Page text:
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Human rights, visualized

Posted by Christopher Shea  December 15, 2008 12:39 PM

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This month -- December 10, to be specific -- marks the 60th anniversary of the signing of the Universal Declaration of Human Rights by the member states of the United Nations. The document, which remains all too aspirational, lays out 30 articles in which the basic rights supposedly recognized by all states are laid out. These include the right to life, liberty, and "security of person"; the right to be free of slavery; the right not to be tortured; the right to an education and an "adequate" standard of living; and the right not to be subjected to discrimination based on skin color, ethnicity, or language.

Six years ago, Amnesty International sponsored an attempt to make the document come alive for schoolchildren, commissioning the noted graphic designer Woody Pirtle to create a series of posters representing a dozen provisions of the declaration. Together, the posters were pitched to teachers for display in the classroom.

For each article, Pirtle used images photographed at close range: for example, chain links represent Article 4, freedom from slavery, while an engraved ring symbolizes Article 16, the right to marry. The blog Design Observer marked the anniversary of the declaration's signing by spotlighting Pirtle's work and noting how much work remains to be done in order to realize the rhetoric approved six decades ago by the U.N.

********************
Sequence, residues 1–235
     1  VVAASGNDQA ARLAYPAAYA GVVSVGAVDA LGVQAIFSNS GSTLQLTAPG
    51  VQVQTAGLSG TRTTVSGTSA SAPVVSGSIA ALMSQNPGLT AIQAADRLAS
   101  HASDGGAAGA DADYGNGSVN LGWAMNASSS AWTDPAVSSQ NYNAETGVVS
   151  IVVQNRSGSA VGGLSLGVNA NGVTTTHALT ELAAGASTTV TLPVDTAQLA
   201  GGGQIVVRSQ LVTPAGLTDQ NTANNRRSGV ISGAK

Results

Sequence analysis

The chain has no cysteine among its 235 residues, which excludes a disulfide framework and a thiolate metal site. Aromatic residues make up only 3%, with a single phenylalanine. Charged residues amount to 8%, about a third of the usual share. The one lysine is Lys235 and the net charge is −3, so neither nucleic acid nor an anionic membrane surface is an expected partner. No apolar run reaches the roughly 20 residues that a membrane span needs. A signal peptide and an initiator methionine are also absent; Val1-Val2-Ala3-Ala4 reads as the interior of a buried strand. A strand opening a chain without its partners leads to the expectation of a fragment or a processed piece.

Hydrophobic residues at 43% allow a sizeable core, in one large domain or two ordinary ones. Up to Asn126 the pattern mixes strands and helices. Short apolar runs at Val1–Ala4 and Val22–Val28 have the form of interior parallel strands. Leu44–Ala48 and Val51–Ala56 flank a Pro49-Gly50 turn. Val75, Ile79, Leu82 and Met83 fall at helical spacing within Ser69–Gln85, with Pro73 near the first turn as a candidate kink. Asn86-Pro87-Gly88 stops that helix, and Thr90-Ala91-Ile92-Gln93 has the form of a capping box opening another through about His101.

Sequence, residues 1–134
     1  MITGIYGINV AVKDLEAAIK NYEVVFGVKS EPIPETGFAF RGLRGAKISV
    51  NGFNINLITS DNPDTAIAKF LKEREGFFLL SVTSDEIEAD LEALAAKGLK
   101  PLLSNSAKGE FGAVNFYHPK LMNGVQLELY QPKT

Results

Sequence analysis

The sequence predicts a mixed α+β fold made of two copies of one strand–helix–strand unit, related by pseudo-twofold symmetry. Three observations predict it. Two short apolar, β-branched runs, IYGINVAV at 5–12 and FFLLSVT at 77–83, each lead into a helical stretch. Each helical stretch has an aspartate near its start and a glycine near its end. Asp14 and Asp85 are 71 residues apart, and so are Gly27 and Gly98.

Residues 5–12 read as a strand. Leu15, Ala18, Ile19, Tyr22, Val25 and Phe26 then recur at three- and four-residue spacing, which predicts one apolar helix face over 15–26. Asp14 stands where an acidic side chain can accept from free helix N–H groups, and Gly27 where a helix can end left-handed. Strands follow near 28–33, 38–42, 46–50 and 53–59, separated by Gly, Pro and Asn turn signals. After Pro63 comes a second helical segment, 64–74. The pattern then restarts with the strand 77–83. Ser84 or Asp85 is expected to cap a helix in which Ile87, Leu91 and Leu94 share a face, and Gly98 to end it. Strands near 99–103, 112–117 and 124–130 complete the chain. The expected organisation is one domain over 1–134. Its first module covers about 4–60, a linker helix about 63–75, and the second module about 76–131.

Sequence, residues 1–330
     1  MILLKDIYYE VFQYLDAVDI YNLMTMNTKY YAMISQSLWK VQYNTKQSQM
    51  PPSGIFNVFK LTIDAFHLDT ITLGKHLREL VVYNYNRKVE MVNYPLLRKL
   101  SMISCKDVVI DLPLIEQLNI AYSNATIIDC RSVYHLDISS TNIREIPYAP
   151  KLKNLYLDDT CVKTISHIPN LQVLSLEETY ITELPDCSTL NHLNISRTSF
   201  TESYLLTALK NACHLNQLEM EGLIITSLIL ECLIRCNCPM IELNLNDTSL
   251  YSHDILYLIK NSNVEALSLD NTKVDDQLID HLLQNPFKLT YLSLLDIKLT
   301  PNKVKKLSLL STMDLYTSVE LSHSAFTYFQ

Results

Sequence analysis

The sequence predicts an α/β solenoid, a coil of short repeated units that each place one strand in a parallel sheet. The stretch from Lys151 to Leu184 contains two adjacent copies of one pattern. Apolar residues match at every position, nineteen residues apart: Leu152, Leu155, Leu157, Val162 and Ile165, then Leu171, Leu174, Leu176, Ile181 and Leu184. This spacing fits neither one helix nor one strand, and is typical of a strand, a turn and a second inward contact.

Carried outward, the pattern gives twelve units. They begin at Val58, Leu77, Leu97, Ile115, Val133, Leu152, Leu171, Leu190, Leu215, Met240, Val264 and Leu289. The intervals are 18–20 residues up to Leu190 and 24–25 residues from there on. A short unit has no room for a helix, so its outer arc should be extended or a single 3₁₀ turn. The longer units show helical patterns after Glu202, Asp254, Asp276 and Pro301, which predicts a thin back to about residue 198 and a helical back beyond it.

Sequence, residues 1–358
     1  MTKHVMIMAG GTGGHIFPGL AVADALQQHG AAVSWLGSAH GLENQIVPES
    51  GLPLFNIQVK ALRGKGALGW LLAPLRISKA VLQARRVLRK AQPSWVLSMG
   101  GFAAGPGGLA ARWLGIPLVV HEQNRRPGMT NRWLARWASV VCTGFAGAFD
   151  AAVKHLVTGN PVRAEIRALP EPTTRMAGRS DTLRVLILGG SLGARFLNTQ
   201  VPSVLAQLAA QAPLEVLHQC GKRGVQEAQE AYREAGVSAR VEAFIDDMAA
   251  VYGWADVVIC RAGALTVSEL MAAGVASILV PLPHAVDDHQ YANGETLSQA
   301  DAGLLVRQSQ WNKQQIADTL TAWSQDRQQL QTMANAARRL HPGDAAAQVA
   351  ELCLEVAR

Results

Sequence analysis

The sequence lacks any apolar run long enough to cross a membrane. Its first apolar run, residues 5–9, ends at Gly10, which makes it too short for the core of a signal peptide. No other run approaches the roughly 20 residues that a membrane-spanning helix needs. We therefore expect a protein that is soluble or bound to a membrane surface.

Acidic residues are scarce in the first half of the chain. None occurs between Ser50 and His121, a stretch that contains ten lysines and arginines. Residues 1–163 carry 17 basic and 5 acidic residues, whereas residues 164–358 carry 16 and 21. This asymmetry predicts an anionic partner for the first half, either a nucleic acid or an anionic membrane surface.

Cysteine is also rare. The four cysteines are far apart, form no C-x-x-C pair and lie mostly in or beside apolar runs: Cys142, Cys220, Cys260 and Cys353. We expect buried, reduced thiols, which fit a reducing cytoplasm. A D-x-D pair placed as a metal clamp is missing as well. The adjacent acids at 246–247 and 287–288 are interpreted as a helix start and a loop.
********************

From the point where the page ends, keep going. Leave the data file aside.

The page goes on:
Article 4: the right to freedom from slavery


Article 20: the right to freedom from arbitrary arrest, detention, exile


Article 16: the right to marry

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About brainiac Brainiac is the daily blog of the Globe's Sunday Ideas section, covering news and delights from the worlds of art, science, literature, history, design, and more. You can follow us on Twitter @GlobeIdeas.
Brainiac blogger Kevin Hartnett is a writer in Columbia, South Carolina. He can be reached here.

Leon Neyfakh is the staff writer for Ideas. Amanda Katz is the deputy Ideas editor. Stephen Heuser is the Ideas editor.

Guest blogger Simon Waxman is Managing Editor of Boston Review and has written for WBUR, Alternet, McSweeney's, Jacobin, and others.

Guest blogger Elizabeth Manus is a writer living in New York City. She has been a book review editor at the Boston Phoenix, and a columnist for The New York Observer and Metro.

Guest blogger Sarah Laskow is a freelance writer and editor in New York City. She edits Smithsonian's SmartNews blog and has contributed to Salon, Good, The American Prospect, Bloomberg News, and other publications.

Guest blogger Joshua Glenn is a Boston-based writer, publisher, and freelance semiotician. He was the original Brainiac blogger, and is currently editor of the blog HiLobrow, publisher of a series of Radium Age science fiction novels, and co-author/co-editor of several books, including the story collection "Significant Objects" and the kids' field guide to life "Unbored."

Guest blogger Ruth Graham is a freelance journalist in New Hampshire, and a frequent Ideas contributor. She is a former features editor for the New York Sun, and has written for publications including Slate and the Wall Street Journal.

Joshua Rothman is a graduate student and Teaching Fellow in the Harvard English department, and an Instructor in Public Policy at the Harvard Kennedy School of Government. He teaches novels and political writing.


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